August 10, 2014
19th Sunday in Ordinary Time
During the fourth watch of the night, he came toward them walking on the sea.
The four properties of the risen and glorified body -- namely, clarity, subtlety, agility, and impassibility -- where at various times in the life of our Savior revealed after the mode of a foretaste of things to come. Last Wednesday's feast of the Transfiguration most clearly points toward the resurrection and glorification of our Lord's sacred Flesh. On mount Tabor, the clarity which is a proper quality of the risen body was present in Christ after the mode of a transient passion.
When our Lord walked on the water to visit his apostles tossed about by the waves, he prefigured the quality of agility.
(What follows is based mostly on Summa Theologica III, q.45, a.1)
The four qualities of the glorified body
Impassibility, agility, subtlety, and clarity are the four qualities of the resurrected body.
By impassibility, the glorified body suffers neither pain, nor injury, nor any other undesired influence from another. This was foreshadowed when, although the violent crowd desired his life, Jesus walked through their midst unharmed.
Subtlety is that quality by which the body is no burden nor any hindrance. It is by subtlety that our Lord passed through the walls of the locked room to be present with his disciples after his Resurrection. Likewise, by a certain foreshadowing of future glory, the Divine Infant passed through the sealed womb of the Blessed Virgin without causing any rupture or pain. Although, in both cases, we assert that the divine power is the principle of these acts, subtlety alone being insufficient to their accomplishment.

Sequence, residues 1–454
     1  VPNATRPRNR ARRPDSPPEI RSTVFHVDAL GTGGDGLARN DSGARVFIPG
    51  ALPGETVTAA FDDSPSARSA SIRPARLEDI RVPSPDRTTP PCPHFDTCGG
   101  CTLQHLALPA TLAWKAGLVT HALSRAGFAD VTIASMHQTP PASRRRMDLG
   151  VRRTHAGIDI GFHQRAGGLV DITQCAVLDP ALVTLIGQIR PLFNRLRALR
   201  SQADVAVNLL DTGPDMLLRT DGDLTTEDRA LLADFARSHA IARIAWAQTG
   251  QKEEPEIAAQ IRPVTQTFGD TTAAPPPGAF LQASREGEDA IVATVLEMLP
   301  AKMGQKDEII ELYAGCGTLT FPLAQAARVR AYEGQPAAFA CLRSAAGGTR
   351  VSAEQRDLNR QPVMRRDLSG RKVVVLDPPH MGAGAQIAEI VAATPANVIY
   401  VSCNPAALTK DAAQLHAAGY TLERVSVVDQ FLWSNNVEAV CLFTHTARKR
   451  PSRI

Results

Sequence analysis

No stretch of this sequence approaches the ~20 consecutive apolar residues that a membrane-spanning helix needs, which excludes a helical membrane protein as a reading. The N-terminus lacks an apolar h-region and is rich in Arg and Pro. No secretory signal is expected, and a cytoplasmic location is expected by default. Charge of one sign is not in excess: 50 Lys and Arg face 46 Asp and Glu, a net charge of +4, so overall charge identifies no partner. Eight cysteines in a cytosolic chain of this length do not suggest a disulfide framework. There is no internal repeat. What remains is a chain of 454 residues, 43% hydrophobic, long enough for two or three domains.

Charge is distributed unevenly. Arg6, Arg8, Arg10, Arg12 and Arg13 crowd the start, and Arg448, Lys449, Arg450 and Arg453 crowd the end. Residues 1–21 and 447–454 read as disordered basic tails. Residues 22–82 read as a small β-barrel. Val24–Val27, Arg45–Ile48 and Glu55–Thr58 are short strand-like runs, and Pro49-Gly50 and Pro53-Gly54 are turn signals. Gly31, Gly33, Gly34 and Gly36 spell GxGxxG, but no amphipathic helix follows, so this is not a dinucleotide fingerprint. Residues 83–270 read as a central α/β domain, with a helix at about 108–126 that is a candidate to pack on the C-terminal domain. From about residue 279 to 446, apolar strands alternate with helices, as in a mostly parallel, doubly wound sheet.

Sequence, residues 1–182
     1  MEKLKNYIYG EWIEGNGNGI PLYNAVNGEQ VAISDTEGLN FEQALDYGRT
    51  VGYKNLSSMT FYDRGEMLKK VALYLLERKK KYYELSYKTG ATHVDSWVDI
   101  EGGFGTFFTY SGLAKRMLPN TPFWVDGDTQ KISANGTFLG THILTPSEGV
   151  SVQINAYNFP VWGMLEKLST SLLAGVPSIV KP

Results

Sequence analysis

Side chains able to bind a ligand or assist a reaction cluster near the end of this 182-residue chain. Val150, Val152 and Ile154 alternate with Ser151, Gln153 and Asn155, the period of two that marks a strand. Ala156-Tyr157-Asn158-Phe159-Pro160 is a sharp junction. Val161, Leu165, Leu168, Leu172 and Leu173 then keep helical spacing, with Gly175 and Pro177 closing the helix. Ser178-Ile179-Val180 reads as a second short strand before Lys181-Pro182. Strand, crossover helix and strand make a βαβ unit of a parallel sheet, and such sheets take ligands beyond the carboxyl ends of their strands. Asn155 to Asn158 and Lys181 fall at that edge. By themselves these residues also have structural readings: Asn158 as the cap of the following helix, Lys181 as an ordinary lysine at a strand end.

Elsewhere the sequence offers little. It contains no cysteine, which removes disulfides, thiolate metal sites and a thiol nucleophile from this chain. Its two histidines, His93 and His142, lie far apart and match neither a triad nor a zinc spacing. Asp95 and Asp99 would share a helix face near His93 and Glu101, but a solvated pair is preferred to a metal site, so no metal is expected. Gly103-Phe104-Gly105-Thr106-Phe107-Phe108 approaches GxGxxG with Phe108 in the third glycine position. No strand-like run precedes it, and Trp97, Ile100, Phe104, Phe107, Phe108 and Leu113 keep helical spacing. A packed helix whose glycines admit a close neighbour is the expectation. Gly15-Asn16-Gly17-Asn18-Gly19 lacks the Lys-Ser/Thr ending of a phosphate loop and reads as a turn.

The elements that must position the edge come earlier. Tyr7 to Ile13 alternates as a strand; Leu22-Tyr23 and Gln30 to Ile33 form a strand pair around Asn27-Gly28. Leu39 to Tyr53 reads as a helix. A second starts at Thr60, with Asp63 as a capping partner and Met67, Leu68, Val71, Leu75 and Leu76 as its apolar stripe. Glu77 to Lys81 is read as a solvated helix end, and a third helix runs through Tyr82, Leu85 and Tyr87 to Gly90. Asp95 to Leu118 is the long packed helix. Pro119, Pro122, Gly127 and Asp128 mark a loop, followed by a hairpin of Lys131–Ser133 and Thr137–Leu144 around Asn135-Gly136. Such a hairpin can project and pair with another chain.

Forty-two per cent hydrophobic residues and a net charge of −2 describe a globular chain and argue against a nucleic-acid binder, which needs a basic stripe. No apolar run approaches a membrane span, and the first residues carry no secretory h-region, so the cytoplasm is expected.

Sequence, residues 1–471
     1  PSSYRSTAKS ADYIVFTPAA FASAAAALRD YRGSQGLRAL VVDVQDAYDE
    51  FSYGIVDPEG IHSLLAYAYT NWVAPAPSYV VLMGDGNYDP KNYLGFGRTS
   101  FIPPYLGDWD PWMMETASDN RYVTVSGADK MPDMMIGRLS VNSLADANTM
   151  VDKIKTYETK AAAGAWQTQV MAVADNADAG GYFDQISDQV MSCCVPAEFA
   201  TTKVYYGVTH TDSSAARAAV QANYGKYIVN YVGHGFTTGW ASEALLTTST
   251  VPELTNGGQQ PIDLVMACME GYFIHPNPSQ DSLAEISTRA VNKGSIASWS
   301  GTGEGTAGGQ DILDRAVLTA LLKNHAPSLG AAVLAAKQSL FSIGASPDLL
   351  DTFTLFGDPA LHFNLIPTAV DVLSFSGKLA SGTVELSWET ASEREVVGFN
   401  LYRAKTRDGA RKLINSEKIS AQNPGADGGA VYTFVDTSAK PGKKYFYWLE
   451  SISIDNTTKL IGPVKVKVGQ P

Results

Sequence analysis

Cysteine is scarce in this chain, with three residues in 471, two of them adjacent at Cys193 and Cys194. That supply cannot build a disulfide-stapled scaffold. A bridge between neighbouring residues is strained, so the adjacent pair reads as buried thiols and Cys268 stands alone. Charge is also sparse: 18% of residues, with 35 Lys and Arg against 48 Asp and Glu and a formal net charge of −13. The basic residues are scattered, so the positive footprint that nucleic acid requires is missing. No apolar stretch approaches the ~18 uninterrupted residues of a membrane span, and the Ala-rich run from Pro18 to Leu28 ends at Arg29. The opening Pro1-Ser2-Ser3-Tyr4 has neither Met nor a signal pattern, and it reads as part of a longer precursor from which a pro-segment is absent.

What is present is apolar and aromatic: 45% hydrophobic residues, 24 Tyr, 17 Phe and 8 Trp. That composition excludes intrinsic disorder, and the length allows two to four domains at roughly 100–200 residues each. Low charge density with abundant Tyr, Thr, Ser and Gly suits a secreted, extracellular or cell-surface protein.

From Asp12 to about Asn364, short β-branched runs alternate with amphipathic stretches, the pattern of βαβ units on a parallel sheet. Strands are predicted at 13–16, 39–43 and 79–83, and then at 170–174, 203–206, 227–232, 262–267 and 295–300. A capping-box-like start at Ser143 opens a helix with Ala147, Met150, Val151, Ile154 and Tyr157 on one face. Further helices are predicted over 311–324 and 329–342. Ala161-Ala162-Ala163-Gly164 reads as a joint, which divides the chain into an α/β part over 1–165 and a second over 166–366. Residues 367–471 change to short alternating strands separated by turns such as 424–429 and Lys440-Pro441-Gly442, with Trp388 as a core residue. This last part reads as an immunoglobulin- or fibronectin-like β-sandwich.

Clarity, by which the glorified body shines with a great brightness, was clearly manifest in the Savior's Transfiguration.
Agility is that quality whereby the glorified body will be perfectly subject to the soul so as to offer no hindrance to the accomplishment of the will. By agility, the glorified body moves quickly and easily wherever the soul wills to be. Furthermore, the body will have much greater power of sensation. This quality is prefigured when the Lord walks upon the waters.
So that we might persevere
It is well known that our Lord revealed his glory on mount Tabor so as to encourage his disciples to perseverance in trials. Indeed, it is no coincidence that the Savior was transfigured in the presence of Peter, James, and John only a short time after having made the first prediction of his Passion.
So that his followers might not be overcome by the cruelty of the death he would soon undergo, Jesus willed to manifest the glory which would be gained by this torment -- a glory which far surpasses the sufferings of the present. Before they should endure his death, the kind God wished for his chosen three to be witnesses to the promise of Resurrection.
Likewise, when the Lord prefigures the gift of agility -- whereby the body will go wheresoever the soul wishes it to be, and with great ease -- he seeks to direct the minds and hearts of his disciples to the glory which is to be revealed only after many trials and much suffering. Christ comes to them in the fourth watch of the night (which is to say, at the very end of the night, after many hours of darkness). He approaches as they are tossed about by waves and are fearful lest the ship should sink. And, revealing his glory, he calms the storm.
What the first prediction of the Passion was to mount Tabor, the darkness and waves are to the walking on water. The waves and the storm symbolize the sufferings and persecutions which are to buffet Holy Mother Church until the end of time. Only after the long night of her earthly pilgrimage will the Church and her saints receive our Lord in all his glory as he comes triumphing over the waves and storms, conquering every hostile power, to give his Bride everlasting peace.